Left Leg (1-4),
Right Leg (5-8),
Abdomen (9-11),
Chest (12),
Left Arm (13-15)
Right Arm (16-18)
Neck and Head (19-20)

Your maximum hit points (M) would be kept as well as individual hit locations. Roughly, each leg (1/3)M, each arm (1/4)M, abdomen (1/3)M, chest (1/4)M, and head (1/4)M (round off to nearest integer). You may notice right away all these locations add up to more hit points than M. That's normal.

Each time you are hit, 1d20 will determine where. Then subtract this from that location AND your Body total. You have 8 numbers to keep track of here, but that's realistic detail for you. A small drawing of your body will help, with each location showing the protection there and the remaining hit points there.

If any location goes to zero or lower, act accordingly. A limb becomes useless. The abdomen will render both legs useless. The chest or head will drop your character to unconsciousness. Or, you may have numerous minor injuries but your Body's total damage is more than M, so you are unconscious then too.

But two more factors are involved here. First, armor. Armor is no longer acquired by the suit, but you can wear it by the piece, each location perhaps having a different kind of armor. A bronze helm, a copper breastplate, leather bracers, etc. For each plus afforded by that armor type, it absorbs one point of damage and prevents it from getting to you. Thus, if you wore an iron breastplate (+1), and were hit for 6 HPs in the chest, you'd only take 5. So you'd lose 5 HPs in chest and 5 HPs on body.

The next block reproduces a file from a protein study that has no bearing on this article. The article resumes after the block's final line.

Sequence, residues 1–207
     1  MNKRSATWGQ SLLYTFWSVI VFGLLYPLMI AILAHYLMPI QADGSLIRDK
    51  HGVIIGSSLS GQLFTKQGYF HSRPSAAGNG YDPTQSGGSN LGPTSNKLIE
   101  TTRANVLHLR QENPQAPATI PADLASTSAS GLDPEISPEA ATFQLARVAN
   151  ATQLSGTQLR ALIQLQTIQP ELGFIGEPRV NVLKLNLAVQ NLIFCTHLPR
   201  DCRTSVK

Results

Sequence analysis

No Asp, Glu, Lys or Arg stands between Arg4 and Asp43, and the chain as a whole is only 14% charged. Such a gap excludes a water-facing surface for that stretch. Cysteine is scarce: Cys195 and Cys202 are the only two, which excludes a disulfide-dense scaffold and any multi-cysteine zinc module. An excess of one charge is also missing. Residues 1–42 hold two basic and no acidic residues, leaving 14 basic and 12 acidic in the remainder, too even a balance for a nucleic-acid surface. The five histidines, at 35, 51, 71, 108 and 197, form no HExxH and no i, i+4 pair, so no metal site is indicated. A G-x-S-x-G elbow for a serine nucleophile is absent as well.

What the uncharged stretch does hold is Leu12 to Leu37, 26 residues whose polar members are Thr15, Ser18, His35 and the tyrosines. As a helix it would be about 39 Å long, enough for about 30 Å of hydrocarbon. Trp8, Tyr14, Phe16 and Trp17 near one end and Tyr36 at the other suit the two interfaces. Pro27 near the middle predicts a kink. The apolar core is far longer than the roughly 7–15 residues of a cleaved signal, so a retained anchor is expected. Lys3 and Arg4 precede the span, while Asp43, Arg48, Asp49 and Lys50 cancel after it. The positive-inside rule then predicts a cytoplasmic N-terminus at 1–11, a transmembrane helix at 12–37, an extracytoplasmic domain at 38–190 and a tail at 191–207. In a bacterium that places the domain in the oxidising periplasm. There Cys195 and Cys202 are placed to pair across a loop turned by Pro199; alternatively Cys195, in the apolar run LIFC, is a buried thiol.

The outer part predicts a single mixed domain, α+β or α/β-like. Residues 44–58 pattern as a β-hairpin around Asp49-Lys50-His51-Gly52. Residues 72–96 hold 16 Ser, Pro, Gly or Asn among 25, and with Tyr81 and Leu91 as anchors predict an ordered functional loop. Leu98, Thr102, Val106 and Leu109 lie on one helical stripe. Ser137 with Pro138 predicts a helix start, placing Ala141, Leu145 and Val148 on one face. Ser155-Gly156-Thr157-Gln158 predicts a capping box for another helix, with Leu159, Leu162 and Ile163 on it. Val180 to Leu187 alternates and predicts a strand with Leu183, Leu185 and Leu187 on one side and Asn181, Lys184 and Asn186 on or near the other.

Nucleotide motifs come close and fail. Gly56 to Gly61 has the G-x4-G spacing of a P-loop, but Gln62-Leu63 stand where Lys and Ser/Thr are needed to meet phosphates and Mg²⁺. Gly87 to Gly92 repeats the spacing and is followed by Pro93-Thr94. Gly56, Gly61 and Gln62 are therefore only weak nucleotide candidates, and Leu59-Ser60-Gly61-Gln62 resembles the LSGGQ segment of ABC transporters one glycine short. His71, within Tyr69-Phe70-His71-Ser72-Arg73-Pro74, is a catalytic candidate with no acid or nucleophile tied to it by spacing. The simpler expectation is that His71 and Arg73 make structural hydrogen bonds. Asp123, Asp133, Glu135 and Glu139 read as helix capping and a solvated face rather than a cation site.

Limits would also be imposed. No location can take more than twice its normal maximum. So if you were hit for 14 HPs in your MAX 4 HP arm, you'd lose the arm, but only 8 HPs from your Body's total (not all 14). By losing the arm, I mean it would be at -4 HPs and hang uselessly at your side until healed. Additional blows may further injure it, and your Body's HPs will be lowered as well.